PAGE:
TAMPA — What's striking at the end of a Republican National Convention that devoted so much time stressing the GOP's willingness to make tough, bold decisions and to lead instead of pander, is how cautious it all seemed.
We still know little about what President Mitt Romney would do despite three days of speeches and thousands of red, white and blue balloons.
We know that he is a loving family man. That his church provided him great comfort and fulfillment. That he promises to turn the country around.
But nobody offered up the kind of bold
or difficult proposal that Republicans kept touting. And Romney told us nothing Thursday night that we did not already know about his plans: cut the deficit, less taxes and regulation, more school choice, more trade and more energy production.
Many of his top surrogates even seemed guarded in their criticism of Barack Obama, careful not to take it too far.
"I wish President Obama had succeeded because I want America to succeed," Romney said in his acceptance speech. "But his promises gave way to disappointment and division. This isn't something we have to accept. Now is the moment when we can do something. With your help we will do something. Now is the moment when we can stand up and say, 'I'm an American. I make my destiny. And we deserve better.' "
The overriding message: You're disappointed in Obama; Mitt Romney is not Obama.
Conventions are not the place for detailed policy proposals, so no one expected vice presidential nominee Paul Ryan to pound his fist on the podium and declare, "We will reinstate Medicare's prescription drug doughnut hole to save money!"
But in adding the House budget chief with a reputation for straight talk on fiscal matters to the ticket, Romney had signaled a move toward a bolder agenda instead of merely an anti-Obama campaign.
"We will not duck the tough issues; we will lead," Ryan declared Wednesday night.
Then he proceeded to criticize Obama for cutting the growth in Medicare spending — cuts Ryan had included in his budget proposal — and made no mention of his own controversial plans to dramatically restructure Medicare.
New Jersey Gov. Chris Christie on Tuesday night: "We believe in telling hard-working families the truth about our country's fiscal realities. Telling them what they already know — the math of federal spending doesn't add up."
But no one over three days offered specific ideas for how the party led by Romney would make the spending add up.
Condoleezza Rice, who without a TelePrompTer may have delivered the strongest speech of the week, implied that Obama had failed to exert strong-enough American leadership across the world. But she barely mentioned Iraq, made no mention of Afghanistan and gave little hint of how Romney's foreign policy might differ from Obama's except that he won't "lead from behind."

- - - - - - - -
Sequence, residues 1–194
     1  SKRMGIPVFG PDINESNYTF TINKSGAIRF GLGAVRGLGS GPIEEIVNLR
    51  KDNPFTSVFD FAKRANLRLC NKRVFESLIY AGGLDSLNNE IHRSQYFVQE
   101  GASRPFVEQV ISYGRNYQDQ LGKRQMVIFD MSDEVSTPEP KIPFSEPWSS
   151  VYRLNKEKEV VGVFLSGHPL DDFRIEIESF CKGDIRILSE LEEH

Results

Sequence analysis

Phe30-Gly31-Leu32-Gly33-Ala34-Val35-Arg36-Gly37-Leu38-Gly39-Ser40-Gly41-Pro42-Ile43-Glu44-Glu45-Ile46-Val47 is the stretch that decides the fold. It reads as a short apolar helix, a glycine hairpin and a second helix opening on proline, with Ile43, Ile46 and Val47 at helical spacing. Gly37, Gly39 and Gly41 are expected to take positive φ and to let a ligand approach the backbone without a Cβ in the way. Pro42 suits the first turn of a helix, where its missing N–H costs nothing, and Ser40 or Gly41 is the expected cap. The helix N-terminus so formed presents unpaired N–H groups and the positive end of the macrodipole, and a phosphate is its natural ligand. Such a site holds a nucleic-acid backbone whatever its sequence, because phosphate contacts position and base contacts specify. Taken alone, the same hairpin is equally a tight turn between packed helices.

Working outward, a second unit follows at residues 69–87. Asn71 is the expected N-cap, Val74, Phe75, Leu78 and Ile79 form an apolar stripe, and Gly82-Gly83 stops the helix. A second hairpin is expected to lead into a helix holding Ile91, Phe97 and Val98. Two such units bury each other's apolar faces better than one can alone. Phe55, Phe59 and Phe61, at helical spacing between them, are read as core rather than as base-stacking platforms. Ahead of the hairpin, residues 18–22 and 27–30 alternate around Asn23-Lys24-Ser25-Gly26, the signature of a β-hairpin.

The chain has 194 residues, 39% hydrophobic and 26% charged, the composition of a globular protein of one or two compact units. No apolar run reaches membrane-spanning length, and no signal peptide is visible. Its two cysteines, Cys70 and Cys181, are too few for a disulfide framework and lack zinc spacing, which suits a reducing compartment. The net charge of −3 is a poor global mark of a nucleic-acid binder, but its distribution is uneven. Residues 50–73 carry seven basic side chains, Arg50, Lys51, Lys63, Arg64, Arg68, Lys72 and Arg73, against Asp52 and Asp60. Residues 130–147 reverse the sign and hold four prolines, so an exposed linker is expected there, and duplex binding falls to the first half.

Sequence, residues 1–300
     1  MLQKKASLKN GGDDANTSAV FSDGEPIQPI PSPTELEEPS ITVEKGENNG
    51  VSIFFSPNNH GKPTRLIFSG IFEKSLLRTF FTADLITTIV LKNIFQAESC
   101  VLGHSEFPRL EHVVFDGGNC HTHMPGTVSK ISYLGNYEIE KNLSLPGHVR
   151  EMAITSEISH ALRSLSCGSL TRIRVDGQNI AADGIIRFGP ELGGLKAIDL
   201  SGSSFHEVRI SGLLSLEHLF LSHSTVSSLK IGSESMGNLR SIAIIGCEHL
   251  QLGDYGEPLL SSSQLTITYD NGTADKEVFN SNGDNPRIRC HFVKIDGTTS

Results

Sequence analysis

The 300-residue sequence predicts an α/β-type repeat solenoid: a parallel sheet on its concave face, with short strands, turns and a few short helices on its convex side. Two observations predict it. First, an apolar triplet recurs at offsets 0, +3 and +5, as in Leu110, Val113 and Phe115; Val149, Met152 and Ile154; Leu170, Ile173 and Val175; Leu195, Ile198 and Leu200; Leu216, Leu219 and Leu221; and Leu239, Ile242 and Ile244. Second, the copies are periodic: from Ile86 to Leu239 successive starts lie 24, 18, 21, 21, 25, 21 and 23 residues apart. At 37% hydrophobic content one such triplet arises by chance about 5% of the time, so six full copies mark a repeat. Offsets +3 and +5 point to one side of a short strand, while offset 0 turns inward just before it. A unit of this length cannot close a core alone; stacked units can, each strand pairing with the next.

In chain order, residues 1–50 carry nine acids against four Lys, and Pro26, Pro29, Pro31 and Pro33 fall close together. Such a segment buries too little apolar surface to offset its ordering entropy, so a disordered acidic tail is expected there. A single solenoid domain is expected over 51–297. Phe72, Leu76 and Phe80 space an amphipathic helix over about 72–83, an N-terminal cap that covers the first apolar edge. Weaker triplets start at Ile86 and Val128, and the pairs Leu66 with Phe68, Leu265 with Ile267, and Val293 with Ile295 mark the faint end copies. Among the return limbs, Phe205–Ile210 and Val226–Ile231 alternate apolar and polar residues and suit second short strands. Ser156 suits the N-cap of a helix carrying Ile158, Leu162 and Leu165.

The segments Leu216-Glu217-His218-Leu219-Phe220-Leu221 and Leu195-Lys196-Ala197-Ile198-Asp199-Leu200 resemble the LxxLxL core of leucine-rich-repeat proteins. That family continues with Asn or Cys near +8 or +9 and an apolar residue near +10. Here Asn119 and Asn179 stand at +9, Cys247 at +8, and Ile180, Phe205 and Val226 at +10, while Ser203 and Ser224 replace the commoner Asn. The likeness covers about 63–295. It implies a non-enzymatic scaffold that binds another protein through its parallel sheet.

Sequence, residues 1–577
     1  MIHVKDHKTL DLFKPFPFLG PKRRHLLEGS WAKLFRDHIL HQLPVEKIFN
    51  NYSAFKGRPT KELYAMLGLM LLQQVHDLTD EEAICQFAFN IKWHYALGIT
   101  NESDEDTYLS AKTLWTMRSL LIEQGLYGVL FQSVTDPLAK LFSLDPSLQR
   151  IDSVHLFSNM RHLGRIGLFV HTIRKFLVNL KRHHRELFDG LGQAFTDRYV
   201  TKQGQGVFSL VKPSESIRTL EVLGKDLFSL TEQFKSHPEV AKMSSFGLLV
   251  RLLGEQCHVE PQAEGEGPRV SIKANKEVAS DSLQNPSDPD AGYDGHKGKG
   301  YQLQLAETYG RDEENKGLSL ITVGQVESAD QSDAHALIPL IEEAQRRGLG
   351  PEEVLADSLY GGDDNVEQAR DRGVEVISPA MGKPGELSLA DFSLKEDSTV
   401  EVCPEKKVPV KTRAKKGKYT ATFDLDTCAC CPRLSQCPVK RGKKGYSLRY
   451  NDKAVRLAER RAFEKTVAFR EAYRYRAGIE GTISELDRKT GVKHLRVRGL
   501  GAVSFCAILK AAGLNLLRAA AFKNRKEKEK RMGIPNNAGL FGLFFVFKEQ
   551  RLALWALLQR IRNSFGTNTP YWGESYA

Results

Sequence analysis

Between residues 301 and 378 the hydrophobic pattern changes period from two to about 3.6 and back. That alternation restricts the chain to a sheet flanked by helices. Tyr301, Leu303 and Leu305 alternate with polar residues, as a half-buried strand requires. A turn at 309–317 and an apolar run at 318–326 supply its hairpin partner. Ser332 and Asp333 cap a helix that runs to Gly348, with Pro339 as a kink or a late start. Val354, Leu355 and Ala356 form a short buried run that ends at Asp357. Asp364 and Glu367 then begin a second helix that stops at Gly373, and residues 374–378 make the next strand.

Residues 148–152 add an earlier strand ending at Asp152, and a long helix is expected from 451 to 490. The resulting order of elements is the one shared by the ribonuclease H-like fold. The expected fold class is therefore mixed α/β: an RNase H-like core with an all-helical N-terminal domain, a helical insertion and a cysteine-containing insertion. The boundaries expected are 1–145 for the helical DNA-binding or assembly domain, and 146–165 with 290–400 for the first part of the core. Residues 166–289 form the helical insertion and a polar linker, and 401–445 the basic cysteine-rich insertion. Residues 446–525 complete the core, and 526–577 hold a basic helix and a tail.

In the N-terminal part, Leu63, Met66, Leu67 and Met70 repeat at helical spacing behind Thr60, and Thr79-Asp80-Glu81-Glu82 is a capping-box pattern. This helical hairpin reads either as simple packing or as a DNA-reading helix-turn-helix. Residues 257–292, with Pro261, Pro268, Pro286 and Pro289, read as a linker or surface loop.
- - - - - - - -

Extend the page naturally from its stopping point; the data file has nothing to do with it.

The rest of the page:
Even Ann Romney talked broadly about her husband's decency, without offering any detailed stories to illustrate it.
The most powerful moments of Thursday night came from the accounts of business associates and friends who recalled working with Romney, or the support he gave to the parents of dying children.
People in the Tampa Bay Times Forum had tears rolling down their cheeks. Unfortunately for Romney, none of the networks aired those testimonies, and most cable networks skipped them as well.
This may turn out to be the last time a political party tries to stage a four-day convention. The networks barely cover them and party leaders and fundraisers increasingly question the value and expense of such extended days. Tropical Storm Isaac forced the party to compress a four-day schedule into three, providing Republicans mixed messages coming out of Tampa.
Viewers did see the human side of Romney, thanks mainly to Ann Romney, and they saw a diverse array of speakers on stage, if not in the audience.
But it's unlikely anyone will remember these speeches for years to come, though that's not unusual.
If the campaign hoped to show Romney's vision for moving forward, however, it missed the mark. All we know is he believes in less spending, smaller government and leading more effectively than Obama.
"We can do better" was the overall theme, with each night having its own: "We did build it," "We can change it," and "We believe in America."
What does that mean?
It sounds as empty as the words that speaker after speaker mocked this week: Obama's promise four years ago of hope and change.
Adam C. Smith can be reached at email@example.com.